Sunday, November 21, 2010


In the past few months we have been exploring a wide array of math concepts including geometry, counting, even/odd numbers, measuring, and patterns.

These concepts are presented using various modes including stories, discussions, manipulative materials, as well as paper and pencil tasks.

It is difficult to give an example of a typical math lesson because the lessons are as varied as the topics.

There is, however, a general itinerary for the math hour.

Usually, we start with some type of movement activity such as counting down exercises, "Touch you toes 10 times, nod your head 9 times...". Next I present the idea(s) for the morning, and then we do some related hands-on activities.

The math hour concludes with the children working on a few pages in our Singapore Math workbooks.

As children complete the work in their books, they can work independently or with friends, exploring various mathematic materials; as examples building with blocks, developing patterns, examining shapes, or weighing objects.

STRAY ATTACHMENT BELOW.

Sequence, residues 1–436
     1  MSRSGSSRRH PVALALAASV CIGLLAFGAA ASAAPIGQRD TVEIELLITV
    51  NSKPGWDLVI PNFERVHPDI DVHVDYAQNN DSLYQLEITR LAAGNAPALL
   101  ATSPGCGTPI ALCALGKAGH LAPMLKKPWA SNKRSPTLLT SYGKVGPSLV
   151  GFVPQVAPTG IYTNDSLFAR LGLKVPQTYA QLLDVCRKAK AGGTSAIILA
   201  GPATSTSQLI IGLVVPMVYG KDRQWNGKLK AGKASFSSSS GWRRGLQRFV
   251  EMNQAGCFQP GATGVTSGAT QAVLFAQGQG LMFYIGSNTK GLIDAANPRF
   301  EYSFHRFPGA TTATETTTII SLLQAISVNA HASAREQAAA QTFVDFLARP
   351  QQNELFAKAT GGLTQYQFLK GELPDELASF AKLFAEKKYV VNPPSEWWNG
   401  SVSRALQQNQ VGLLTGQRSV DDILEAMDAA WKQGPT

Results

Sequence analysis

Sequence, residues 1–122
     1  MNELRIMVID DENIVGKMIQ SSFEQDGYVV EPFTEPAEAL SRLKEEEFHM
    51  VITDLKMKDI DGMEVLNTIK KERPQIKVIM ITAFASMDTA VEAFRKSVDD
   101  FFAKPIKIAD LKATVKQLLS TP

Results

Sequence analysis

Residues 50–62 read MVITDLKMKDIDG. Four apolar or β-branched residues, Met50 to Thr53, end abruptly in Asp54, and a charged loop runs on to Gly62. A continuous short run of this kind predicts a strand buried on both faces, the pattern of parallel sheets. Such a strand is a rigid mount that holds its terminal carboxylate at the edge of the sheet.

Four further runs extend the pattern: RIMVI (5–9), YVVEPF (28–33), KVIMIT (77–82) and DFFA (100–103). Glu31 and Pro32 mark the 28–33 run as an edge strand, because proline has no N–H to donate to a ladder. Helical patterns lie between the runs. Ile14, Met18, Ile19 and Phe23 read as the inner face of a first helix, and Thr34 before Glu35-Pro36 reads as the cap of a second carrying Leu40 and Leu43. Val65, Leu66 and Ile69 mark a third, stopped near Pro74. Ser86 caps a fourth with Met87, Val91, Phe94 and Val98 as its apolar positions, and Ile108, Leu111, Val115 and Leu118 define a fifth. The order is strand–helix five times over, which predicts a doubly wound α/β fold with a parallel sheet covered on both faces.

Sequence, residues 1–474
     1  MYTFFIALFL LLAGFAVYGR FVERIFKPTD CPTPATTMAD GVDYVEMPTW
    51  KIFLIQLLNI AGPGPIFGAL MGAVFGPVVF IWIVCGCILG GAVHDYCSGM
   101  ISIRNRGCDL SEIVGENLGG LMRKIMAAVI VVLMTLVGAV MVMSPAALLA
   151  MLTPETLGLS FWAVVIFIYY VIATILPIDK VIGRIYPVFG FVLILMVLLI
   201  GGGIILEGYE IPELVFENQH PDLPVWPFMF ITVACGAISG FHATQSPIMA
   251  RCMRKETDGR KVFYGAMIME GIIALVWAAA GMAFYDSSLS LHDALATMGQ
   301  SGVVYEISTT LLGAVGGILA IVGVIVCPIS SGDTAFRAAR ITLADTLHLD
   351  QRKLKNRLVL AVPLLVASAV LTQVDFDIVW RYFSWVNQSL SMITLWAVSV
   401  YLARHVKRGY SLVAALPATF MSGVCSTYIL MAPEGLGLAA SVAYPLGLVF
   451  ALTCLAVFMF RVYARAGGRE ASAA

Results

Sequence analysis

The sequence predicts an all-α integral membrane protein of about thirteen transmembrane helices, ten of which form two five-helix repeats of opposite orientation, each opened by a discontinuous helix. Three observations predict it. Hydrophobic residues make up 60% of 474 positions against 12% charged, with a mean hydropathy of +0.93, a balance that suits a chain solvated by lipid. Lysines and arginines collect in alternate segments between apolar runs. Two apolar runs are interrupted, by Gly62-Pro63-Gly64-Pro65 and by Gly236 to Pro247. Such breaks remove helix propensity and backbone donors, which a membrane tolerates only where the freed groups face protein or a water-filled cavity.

As with all subjects, I try to integrate several subject areas into the lesson. I include reading, writing, and arithmetic together. At least once a week the children practice writing numbers from 1 to 10. I try to find books and poems relating to the topic. For example: when we were learning about shapes we practiced reading the poem Shapes by Shel Silverstein.

We also practice using deductive reasoning. For instance, the children worked in groups weighing objects. First they estimated how many pennies they thought a plastic bear weighed. They tested their hypotheses and then used this information to try and guess how much a smaller bear would weigh.

During math the children have the opportunity to work independently and in small groups. We often talk about how everyone comes to class with different skills and knowing different things. Being part of the class means we work and learn together.

1 comment:

Fran Loosen said...

You are so amazing, Elaine! I remember when you did the graphing exercises with D's class. I just kept thinking "they are learning graphing in kindergarten?" I love that you believe that kids can really get these concepts...and they do! Thank you for all you do.